16th District holds ‘walking beat meeting’


by BRIAN NADIG

Officials with the 16th (Jefferson Park) Police District hope to have an increased presence at neighborhood events this summer as part of an effort to improve community relations.

"We hear concerns around the city that people can’t connect with the police," 16 District commander Roger Bay said. "They want ‘officer friendly’ again (in the schools)."

Bay spoke at a district-sponsored walk through the Jefferson Park commercial district on June 19. About 30 people met at the Jefferson Park Library, 5363 W. Lawrence Ave., for what Bay described as a "walking, talking beat meeting."

The event, which was part of the Chicago Police Department’s "faith and action" initiative, featured a prayer led by Eden United Church of Christ pastor the Reverend Jacki Belile and comments by Alderman John Arena (45th) and state Representative Robert Martwick (D-19).

An officer who patrolled Forest Glen on her bicycle during a recent community garage sale received a great response from residents, Bay said. He said that community events like the garage sale make the 16th District a safe place to live because they get residents out of their homes, away from their computers and television sets, and force them to get to know their neighbors, Bay said.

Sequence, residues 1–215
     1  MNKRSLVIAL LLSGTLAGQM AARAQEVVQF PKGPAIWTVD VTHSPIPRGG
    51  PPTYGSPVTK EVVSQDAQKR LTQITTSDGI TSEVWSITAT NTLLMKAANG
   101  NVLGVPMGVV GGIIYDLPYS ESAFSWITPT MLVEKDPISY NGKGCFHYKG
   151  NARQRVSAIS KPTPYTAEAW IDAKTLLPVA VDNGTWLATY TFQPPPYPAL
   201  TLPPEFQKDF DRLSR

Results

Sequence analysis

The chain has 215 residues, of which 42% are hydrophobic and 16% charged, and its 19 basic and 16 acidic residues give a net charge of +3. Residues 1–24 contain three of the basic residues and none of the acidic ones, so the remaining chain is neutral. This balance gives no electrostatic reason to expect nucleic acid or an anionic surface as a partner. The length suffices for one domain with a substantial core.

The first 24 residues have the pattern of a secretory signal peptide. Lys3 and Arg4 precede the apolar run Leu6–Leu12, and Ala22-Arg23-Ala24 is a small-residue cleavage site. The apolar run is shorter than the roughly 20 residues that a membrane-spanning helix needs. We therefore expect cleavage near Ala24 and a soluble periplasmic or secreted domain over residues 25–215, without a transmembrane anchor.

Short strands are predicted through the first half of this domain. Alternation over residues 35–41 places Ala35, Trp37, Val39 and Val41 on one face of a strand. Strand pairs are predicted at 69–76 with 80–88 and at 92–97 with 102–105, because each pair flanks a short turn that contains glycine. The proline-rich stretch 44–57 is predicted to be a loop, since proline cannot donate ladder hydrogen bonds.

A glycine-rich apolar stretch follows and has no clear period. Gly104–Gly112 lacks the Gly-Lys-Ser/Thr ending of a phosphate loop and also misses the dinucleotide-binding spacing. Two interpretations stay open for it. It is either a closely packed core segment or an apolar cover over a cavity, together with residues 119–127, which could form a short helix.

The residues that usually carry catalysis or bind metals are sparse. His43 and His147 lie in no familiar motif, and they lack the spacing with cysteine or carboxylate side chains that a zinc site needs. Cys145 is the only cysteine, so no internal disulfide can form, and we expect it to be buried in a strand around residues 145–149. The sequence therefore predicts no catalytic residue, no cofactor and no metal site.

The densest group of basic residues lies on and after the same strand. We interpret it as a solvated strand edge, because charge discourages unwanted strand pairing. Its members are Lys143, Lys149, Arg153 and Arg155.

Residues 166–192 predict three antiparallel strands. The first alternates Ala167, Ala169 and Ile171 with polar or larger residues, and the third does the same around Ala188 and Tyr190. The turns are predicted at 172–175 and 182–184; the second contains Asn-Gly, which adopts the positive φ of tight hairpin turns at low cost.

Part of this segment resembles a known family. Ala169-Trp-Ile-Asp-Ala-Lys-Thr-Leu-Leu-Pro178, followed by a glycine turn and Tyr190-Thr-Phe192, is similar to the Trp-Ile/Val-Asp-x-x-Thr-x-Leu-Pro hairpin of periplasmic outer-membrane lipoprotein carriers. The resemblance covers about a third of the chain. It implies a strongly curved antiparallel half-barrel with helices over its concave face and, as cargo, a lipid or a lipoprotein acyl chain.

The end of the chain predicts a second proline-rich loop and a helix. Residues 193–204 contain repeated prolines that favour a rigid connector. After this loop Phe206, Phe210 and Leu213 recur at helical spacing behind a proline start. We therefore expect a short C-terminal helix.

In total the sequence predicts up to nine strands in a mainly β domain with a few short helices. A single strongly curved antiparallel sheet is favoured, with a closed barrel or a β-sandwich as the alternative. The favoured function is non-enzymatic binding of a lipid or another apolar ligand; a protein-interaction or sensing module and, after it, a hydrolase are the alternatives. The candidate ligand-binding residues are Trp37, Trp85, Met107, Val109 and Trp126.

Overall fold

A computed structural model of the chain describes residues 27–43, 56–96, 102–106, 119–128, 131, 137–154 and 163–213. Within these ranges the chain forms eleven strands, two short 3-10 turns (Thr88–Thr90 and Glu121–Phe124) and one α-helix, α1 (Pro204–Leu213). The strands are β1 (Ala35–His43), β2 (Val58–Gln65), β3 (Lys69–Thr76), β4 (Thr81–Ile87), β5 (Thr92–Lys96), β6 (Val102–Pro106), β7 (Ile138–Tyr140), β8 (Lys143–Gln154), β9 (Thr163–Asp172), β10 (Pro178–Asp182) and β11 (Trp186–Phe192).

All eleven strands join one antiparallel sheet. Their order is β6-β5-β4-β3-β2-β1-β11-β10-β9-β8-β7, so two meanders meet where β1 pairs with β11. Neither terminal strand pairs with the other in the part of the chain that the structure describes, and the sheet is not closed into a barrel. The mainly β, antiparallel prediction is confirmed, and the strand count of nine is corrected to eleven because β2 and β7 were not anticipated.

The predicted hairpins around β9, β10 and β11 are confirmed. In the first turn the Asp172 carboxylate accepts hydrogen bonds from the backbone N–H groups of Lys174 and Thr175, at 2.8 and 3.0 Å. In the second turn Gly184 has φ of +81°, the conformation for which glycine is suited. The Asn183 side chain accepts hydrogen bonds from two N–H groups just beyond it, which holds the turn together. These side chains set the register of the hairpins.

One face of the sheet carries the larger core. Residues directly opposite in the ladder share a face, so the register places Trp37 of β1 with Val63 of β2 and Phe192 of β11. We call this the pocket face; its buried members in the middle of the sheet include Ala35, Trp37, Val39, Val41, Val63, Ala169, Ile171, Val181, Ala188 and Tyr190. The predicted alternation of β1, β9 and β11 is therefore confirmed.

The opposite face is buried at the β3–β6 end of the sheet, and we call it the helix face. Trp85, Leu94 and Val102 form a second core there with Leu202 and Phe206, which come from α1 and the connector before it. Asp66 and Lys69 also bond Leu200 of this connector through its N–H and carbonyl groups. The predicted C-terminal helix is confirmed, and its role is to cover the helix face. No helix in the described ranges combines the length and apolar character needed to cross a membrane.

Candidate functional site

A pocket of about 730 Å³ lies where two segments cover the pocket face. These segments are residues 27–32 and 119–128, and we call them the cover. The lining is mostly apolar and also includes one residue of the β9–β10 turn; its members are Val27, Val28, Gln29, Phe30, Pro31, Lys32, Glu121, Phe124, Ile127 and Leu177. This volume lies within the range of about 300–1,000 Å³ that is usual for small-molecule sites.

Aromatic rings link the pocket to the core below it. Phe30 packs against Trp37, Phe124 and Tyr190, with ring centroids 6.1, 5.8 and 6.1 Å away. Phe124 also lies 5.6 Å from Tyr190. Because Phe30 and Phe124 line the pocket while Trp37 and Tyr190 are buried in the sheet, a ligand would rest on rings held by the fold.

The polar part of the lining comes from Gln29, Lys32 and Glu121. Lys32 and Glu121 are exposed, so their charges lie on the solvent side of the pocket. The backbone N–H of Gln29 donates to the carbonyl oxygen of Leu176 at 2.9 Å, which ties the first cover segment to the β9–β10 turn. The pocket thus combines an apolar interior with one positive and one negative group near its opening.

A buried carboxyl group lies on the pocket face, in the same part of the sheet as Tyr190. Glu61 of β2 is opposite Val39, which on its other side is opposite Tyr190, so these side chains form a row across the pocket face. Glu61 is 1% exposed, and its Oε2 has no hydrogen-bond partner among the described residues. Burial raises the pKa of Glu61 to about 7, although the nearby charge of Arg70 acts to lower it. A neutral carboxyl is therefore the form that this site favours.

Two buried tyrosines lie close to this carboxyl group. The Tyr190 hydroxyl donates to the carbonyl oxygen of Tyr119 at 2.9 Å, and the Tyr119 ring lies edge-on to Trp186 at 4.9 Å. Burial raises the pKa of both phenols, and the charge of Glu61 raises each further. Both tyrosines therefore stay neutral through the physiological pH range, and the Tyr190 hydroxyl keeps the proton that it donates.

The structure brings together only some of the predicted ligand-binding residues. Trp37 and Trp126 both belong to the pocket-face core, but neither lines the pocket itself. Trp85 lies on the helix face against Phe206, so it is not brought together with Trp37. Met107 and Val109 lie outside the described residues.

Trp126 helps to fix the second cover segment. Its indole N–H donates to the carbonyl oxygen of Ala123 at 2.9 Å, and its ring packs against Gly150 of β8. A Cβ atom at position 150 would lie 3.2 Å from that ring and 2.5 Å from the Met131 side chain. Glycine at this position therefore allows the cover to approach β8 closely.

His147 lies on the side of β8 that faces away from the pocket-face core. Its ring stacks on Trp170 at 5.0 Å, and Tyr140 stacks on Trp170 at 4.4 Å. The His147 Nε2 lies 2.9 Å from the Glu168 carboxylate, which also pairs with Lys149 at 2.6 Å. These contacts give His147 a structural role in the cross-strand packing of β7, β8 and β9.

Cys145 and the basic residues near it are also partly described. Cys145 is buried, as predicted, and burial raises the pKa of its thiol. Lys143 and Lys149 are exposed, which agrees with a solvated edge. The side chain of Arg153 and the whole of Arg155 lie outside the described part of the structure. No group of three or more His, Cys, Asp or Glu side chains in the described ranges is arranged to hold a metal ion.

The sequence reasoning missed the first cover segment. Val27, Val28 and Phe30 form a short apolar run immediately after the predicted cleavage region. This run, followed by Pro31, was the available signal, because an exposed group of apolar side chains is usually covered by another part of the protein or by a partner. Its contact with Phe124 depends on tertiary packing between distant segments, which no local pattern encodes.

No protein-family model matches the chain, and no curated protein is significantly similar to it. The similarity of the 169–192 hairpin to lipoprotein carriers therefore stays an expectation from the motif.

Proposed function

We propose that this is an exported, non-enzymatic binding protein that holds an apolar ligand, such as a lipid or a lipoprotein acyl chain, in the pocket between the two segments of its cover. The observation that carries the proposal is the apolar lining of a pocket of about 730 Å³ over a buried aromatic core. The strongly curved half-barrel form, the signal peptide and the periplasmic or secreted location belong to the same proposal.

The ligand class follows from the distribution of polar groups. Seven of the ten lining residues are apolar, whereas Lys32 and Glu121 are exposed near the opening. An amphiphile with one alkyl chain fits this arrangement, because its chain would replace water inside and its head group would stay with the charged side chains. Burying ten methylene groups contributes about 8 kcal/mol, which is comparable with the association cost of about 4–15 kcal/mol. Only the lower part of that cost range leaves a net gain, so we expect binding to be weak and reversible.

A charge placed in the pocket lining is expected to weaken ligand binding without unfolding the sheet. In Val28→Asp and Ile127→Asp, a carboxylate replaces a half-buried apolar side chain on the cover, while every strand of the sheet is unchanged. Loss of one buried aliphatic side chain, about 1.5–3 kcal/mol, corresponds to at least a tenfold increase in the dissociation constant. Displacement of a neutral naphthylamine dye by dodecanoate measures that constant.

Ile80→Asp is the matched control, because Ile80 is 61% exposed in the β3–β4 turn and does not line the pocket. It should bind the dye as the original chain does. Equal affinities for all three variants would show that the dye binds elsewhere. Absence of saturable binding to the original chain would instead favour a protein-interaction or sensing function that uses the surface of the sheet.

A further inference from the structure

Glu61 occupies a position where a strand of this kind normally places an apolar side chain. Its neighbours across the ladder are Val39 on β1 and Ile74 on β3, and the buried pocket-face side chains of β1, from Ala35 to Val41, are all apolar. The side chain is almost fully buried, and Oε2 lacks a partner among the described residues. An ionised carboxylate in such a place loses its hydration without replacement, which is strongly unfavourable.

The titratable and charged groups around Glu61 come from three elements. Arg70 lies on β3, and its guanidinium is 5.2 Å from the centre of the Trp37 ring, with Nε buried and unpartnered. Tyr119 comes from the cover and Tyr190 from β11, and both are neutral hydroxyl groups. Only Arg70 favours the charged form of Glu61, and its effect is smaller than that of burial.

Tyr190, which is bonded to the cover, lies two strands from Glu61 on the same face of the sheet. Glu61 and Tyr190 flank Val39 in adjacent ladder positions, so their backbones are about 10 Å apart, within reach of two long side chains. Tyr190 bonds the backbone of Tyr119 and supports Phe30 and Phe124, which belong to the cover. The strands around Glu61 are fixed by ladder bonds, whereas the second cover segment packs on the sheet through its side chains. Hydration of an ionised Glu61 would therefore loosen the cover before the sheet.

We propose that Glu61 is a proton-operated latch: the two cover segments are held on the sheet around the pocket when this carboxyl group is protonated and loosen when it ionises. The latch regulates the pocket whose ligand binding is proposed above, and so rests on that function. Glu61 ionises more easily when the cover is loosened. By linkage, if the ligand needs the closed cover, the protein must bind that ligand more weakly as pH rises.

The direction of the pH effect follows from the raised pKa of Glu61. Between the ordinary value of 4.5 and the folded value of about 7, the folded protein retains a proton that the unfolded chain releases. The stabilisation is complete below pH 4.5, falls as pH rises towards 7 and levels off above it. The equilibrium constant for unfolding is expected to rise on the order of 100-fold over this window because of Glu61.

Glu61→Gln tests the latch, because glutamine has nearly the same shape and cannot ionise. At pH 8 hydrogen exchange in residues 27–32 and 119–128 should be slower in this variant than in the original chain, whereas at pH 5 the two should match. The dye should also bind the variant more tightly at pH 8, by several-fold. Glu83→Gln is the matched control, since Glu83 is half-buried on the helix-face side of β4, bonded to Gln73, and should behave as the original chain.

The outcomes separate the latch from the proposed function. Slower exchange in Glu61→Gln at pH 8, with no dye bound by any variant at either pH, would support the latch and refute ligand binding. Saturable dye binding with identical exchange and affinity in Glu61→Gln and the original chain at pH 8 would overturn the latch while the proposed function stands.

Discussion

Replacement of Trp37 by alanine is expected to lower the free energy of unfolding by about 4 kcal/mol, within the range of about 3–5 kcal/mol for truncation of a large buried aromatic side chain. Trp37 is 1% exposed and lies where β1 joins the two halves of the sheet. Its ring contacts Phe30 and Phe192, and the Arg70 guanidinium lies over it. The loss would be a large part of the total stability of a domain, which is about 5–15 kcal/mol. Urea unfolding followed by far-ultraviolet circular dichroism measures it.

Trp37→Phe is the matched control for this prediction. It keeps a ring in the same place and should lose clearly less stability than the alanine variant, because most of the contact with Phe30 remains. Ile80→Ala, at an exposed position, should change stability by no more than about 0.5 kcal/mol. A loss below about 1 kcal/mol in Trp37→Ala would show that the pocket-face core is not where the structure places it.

Bay said that some people say that crime "has never been worse" but that the district experienced 40-year lows in the number of burglaries and vehicle thefts reported in 2014. He said that district is fortunate to have a busy schedule of community festivals and farmers’ markets at Jefferson Park and Portage Park.

Most of the residents who met at the library walked to the Jefferson Park CTA terminal, 4917 N. Milwaukee Ave., for a roll call of officers who were assigned to patrol different areas of the CTA and Metra stations. The walk concluded at the park.

Bay said that the commercial district was chosen for the walk-through in part because of problems involving panhandling and the homeless. "We get a lot of people complaining, but that by itself is not a crime," he said.

Bay said that officers recently approached a 24-year-old homeless man who was near the entrance to the library and who said that he takes advantage of the free WiFi offered at the library. "Unfortunately this man did not want our help, and he had no connection with his family," he said.

Bay encouraged those who attended the walk to attend the district’s beat meetings. He said that efforts are made to have to beat officers attend the meetings but that they occasionally are busy processing an arrest or following up on a 911 call.


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